What’s the true cost of college? Judging on social media posts and most popular portrayals of ‘college life’ it’d appear the cost is last-minute binge study sessions, spending for spring break trips and all sorts of similar adventures.
Here in the real world, the true cost of college boils down to dollars and cents, and includes far more than you might think.
But if you get a grasp of what to expect, and how much you can expect to owe on the other side, it’s a lot easier to see college as an investment in your future, rather than a ‘total cost item.’ The trick is getting ahead of the curve by sizing up exactly how much you’ll need to borrow, then it’s all about understanding the terms.
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We’re getting ahead of ourselves, though; let’s start here…
What Do You Mean ‘True Cost of College’?
As mentioned above, the true cost of college is much more than cups of coffee at midnight, chipping in for that weekend road trip and buying student tickets to football games. The more important factors to consider are topics such as interest rates, cost of room and board and what you’ll need to allocate to spend on books and materials.
Because if you don’t have a grasp on the big-expense items, everyday expenses such as a Red Bull while studying or a weekend trip to a concert can sneak up on you, or not even be possible in the first place.
It sounds like a lot. Spoiler alert: It is.
The thing about loans, though, is that knowledge really is power. Once you take a deep breath, and figure out a few of these concepts, it’s all about making a realistic expectation of costs and understanding how much you need to borrow. There are even experts that will provide a free consultation to help you get some of those details worked out.
If you feel like doing your own research, Peterson’s offers a college search tool that features financial information from many colleges. There are also third-party entities that help students get a better idea of what to expect in terms of costs.
There’s good news too–By simply enriching your understanding of the process, and approaching your loans from a place of knowledge and empowerment, you’ll be ahead of your peers.
In a recent study, only 52 percent of students surveyed were able to properly estimate the total cost of tuition. That’s still better than the 38 percent of surveyed students who could put a ballpark figure on their amount of debt. The numbers are clear: A lot of students are in the dark about how much college costs, and most students are unaware of the task that lies ahead in repayment.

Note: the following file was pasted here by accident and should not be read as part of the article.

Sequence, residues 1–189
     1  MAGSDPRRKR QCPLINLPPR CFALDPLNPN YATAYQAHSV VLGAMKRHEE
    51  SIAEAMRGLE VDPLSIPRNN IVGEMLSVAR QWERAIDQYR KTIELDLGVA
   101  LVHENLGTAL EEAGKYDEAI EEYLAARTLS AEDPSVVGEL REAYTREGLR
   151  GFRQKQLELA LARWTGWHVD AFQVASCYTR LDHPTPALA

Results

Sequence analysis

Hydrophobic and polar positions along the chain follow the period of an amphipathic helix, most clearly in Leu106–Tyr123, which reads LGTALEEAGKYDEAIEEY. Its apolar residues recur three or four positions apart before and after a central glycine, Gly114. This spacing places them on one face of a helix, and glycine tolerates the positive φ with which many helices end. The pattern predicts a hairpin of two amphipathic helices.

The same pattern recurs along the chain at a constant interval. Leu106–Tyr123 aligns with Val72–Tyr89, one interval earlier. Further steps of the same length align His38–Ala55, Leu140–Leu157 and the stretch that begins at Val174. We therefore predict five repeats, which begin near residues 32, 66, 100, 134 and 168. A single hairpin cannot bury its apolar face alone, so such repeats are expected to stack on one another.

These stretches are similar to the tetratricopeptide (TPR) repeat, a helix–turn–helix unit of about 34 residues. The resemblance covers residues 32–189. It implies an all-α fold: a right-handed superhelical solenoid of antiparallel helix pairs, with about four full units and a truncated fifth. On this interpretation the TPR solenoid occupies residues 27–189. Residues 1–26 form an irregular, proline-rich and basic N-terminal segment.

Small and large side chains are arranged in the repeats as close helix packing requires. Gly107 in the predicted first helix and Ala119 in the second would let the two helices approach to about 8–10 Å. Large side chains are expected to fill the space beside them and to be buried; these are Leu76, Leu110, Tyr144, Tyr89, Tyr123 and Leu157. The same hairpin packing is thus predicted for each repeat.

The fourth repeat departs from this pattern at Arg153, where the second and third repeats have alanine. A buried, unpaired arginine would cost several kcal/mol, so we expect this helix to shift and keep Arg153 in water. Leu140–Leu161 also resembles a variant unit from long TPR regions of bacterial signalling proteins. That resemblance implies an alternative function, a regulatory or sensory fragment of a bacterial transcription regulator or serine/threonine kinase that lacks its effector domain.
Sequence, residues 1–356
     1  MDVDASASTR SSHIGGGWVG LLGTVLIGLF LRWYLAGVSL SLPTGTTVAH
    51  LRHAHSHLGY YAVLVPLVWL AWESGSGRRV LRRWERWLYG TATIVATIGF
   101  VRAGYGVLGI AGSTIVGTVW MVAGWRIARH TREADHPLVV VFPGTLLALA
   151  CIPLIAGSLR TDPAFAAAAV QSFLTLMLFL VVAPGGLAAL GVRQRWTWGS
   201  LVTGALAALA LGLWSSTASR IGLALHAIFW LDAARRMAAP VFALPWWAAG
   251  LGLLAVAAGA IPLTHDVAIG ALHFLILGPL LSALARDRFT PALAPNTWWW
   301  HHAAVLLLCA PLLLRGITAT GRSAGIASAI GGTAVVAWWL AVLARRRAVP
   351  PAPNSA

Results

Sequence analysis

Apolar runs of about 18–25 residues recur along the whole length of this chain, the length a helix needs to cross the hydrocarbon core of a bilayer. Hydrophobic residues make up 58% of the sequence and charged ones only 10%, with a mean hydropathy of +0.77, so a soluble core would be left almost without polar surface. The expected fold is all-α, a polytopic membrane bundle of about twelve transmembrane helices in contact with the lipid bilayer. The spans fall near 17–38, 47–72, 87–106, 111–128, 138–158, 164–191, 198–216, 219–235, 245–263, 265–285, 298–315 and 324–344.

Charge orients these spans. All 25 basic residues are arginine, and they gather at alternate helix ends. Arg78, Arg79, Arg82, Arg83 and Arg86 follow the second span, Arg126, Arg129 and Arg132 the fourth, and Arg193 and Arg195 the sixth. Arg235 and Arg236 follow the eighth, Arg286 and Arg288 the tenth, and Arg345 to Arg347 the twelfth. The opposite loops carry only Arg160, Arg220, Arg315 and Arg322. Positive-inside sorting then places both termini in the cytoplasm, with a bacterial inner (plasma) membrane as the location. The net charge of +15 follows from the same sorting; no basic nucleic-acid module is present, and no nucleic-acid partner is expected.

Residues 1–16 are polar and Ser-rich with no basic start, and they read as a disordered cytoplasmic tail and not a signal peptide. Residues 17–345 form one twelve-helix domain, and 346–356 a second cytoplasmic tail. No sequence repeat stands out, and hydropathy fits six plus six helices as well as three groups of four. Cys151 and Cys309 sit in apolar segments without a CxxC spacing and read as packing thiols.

But you’re not reading this article because you’re ‘most students.’
Diving Into the Details
Beyond an understanding of the total costs and how much you need, there are also more specific details that have significant impacts on the true cost of college.
For one, not all interest rates come in the same shape and size. Some, with fixed rates, stay the same throughout the loan, some have predetermined shifts in what you accrue (these are called variable rates). Some do both, and thus earn the moniker of hybrid loans. You also have to understand how the length of the loan, and what kind of repayment type you choose will impact the details and costs of the loan.
There’s also that whole credit score thing. A lot of high school students don’t even know what credit is, let alone how to establish it. It’s not really a system set up to favor high school students, which makes it more than OK to have no credit history or a low score.
But credit scores play a HUGE part in getting the total landscape of your loan options, and being able to find a cosigner can be a crucial component to making your education more affordable.
One way to figure out how much you are paying is to add any additional fees to your interest rate, which will provide you with the total Annual Percentage Rate (APR) of a potential loan. There are a variety of fees that could add to your APR, but it’s important to realize that an interest rate alone won’t tell you how much they are tacking onto total cost you are paying each year.
That’s what an APR is for, and understanding how things like origination fees can factor in will give you the true cost of college.
Being Aware of the Back End
As you are sizing up your loan, there is another key phase of this process to consider before you sign on the dotted line: repayment.
It may not be best for your blood pressure to dwell too much on what this will look like while in school, but that doesn’t mean ignorance is bliss.
Only 8 percent of students surveyed said they knew their current interest rate. (They change)
That makes sense when you consider that 98 percent of students said they didn’t know if interest accrued while they were in school. (It probably does)
So why is it so important to ask these questions during the early stages of signing up for student loans? In that same survey, only 6 percent of respondents knew their repayment terms. The numbers show that if you don’t get informed early, it’s hard to catch up and understand exactly how much you owe after graduation.